A personal journal journey It has been my honor and pleasure to have co-edited the Journal of Cataract & Refractive Surgery since 1996 in succession with co-editors Stephen Obstbaum, Douglas Koch, and Nick Mamalis. It has also been a real pleasure to work with associate editors Thomas Kohnen and BJ Dupps during this period, and I am delighted that the excellent work of Thomas Kohnen has been recognized by the board of the ESCRS, which has selected Thomas to succeed me as co-editor. I wish Thomas continued success and a long period in office for what he is able to bring and for what he has already brought to JCRS. The highlight of my editorial career was the 1996 amalgamation of the Journal of Cataract & Refractive Surgery (JCRS), the peer-reviewed journal of the American Society of Cataract & Refractive Surgery (ASCRS), with the European Journal of Implant and Refractive Surgery, the peer-reviewed journal of the European Society of Cataract & Refractive Surgeons (ESCRS). The amalgamation has been highly successful for all concerned, especially the readers of JCRS, who have seen the impact of the journal continuously in the ascent, high among all ophthalmic peer-reviewed journals. Editorial work is divided equally between the USA and Europe and supported by an international editorial board and journal management by Elsevier. As with all peer-reviewed journals, JCRS is inevitably dependent on our reviewers, whose support is vital and efficient in keeping the quality of the journal at its current high level. The JCRS impact and eminence among ophthalmic specialist journals coupled with the pride in participation and the joy of teamwork provide monthly evidence of the fruitful outcome of a collaborative effort. On stepping down as co-editor, I am delighted that I now have a niche to utilize years of editorial experience to handle case reports in the journal and also on line and so relieve the JCRS main editors of an extra time-consuming editorial burden. My journey started when I was a 3rd year medical student in Manchester, U.K., and was appointed editor of the Manchester Medical Students Gazette after a period as an editorial assistant. The Gazette became the Manchester Medical Gazette for the benefit of all past and present Manchester medical men and women, containing news and medical reviews to suit all palates. The experience was valuable in providing journal management and editorial experience. Some years later (in 1981) at the formative meeting of the European Implant Council under its first president, Caes Binkhorst, it was decided that national European implant societies would delegate the Q 2014 ASCRS and ESCRS Published by Elsevier Inc.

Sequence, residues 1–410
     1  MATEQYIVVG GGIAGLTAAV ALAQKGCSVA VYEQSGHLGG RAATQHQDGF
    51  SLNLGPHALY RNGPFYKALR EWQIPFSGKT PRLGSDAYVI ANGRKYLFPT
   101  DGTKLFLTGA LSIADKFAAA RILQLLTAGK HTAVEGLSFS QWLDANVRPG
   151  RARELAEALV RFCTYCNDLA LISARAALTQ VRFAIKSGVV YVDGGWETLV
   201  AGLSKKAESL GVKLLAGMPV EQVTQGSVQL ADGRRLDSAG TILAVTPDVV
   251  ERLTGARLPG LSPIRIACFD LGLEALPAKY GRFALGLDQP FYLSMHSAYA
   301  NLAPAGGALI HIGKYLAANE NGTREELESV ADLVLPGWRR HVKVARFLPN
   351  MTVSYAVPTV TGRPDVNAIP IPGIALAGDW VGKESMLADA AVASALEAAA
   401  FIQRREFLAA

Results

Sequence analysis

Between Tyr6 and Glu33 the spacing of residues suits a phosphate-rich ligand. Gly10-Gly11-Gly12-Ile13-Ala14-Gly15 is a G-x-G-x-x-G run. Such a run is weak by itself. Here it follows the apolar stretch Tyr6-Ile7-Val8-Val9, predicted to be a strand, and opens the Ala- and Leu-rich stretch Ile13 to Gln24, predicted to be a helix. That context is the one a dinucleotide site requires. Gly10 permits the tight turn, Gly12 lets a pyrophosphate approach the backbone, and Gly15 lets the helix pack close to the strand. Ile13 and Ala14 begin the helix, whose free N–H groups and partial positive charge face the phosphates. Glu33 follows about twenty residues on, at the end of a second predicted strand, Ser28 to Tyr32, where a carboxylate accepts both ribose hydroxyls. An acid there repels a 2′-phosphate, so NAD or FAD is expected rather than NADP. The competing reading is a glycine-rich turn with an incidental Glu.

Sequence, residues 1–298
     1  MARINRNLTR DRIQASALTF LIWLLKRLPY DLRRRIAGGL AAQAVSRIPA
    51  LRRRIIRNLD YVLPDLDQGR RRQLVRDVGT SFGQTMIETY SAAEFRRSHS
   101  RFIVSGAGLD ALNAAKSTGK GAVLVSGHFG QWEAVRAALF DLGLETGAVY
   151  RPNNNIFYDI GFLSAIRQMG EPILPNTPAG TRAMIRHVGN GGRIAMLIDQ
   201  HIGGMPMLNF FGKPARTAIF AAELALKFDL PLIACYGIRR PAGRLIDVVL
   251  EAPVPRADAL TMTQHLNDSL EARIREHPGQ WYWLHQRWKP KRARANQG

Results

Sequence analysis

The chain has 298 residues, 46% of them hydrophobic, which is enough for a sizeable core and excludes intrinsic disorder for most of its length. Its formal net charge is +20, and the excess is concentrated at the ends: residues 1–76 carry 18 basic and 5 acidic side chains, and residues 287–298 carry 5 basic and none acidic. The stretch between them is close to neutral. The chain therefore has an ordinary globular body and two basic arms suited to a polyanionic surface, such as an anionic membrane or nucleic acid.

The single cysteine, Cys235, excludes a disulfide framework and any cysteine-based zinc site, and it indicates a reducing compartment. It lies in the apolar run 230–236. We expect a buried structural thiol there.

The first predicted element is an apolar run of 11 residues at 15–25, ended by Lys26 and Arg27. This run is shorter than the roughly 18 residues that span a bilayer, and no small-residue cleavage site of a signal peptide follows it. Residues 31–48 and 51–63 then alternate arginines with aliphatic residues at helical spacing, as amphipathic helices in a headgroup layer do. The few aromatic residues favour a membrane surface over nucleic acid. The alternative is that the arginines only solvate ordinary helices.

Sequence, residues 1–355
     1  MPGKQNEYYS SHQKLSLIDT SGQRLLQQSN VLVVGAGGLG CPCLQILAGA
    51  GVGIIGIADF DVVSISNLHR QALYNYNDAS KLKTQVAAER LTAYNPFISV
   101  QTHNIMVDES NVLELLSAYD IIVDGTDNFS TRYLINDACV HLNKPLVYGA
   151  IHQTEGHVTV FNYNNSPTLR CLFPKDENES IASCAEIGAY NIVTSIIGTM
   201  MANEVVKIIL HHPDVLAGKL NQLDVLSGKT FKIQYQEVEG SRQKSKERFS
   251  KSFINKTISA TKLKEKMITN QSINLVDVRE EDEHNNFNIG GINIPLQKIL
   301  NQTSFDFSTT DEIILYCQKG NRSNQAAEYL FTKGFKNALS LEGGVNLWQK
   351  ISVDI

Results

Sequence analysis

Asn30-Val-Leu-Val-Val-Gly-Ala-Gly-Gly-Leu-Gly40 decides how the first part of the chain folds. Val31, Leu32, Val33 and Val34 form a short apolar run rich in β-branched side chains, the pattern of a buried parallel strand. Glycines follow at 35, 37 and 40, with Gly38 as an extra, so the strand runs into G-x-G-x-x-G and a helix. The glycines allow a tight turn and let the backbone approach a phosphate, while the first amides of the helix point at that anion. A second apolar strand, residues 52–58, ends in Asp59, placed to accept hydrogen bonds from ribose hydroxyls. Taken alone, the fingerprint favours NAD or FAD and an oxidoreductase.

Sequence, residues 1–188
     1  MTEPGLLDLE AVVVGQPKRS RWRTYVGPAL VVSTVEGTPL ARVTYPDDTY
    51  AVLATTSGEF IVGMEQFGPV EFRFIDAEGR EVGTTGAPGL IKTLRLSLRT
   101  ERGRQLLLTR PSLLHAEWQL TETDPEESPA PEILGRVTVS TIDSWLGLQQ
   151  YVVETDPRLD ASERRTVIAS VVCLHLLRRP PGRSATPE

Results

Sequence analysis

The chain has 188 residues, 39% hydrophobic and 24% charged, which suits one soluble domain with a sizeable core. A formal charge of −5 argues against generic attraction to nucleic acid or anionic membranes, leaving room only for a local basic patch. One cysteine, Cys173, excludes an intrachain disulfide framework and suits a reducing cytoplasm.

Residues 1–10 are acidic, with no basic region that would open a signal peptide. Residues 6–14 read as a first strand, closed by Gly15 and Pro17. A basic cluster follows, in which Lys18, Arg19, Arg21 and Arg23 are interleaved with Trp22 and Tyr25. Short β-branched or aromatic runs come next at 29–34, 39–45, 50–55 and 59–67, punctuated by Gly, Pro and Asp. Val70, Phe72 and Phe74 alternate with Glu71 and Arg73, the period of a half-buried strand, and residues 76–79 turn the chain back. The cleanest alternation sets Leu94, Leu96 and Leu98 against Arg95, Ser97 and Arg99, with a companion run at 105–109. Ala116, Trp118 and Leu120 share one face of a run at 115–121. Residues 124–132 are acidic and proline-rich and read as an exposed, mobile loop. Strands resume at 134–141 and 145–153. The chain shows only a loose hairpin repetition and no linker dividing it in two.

organization of an annual conference to a different society each year. As a U.K. representative at the inaugural council meeting, I suggested that a year gap between meetings should be supplemented by the production of a peer-reviewed journal in the name of the European organization, then the European IntraOcular Implant Council (EIIC), initially published on a quarterly basis. The idea was accepted, and the first European journal, Implant, was launched in place of its French forebear, which was about to be suspended. I was elected to the editorial board of the new journal under the editorship of George Baikoff. George, for personal reasons, asked me to take over as editor in 1982. As a result of my Manchester medical journal experience, I accepted. Because of its French origin, Implant was a bilingual English–French language journal initially but soon became English language only for economic reasons. The journal evolved to become the European Journal of Implant and Refractive Surgery as the EIIC, similar to the national European societies, embraced refractive surgery as the appropriate companion interest of cataract and implant surgery. The European Journal of Implant and Refractive Surgery rapidly grew in size, frequency (monthly), and authority to cater to the rapid expansion in ocular anterior segment surgery in the 1980s and 1990s. In 1995, I was approached by the editor of the Journal of Cataract & Refractive Surgery, Stephen Obstbaum, to discuss the possibility of a merger of the American and the European journals, subject of course to the approval of the respective management boards. The recognition that as a combined society publication we would be much stronger than existed as separate journals was approved in late 1995. In 1996, alongside Stephen Obstbaum, I became co-editor of the Journal of Cataract & Refractive Surgery, the journal of the ASCRS and the ESCRS (In 1988, the EIIC evolved to become the ESCRS, the European Society of Cataract & Refractive Surgeons.1) Editing in those formative years was a tough business as there was no online facility to send manuscripts to reviewers, to make life easier for authors to submit on line and for reviewers to be approached for reviews with ease of rapid response. The publication revolution came in 2005, dramatically improving turnaround times and shortening delays in publication. I have been continually surprised at how cataract and refractive surgery have evolved as expansion of knowledge and technology demanded the need for journal evidence-based contributions. With 1300 manuscripts received annually, the editorial process has been time consuming. Each editor at 0886-3350/$ - see front matter http://dx.doi.org/10.1016/j.jcrs.2014.07.012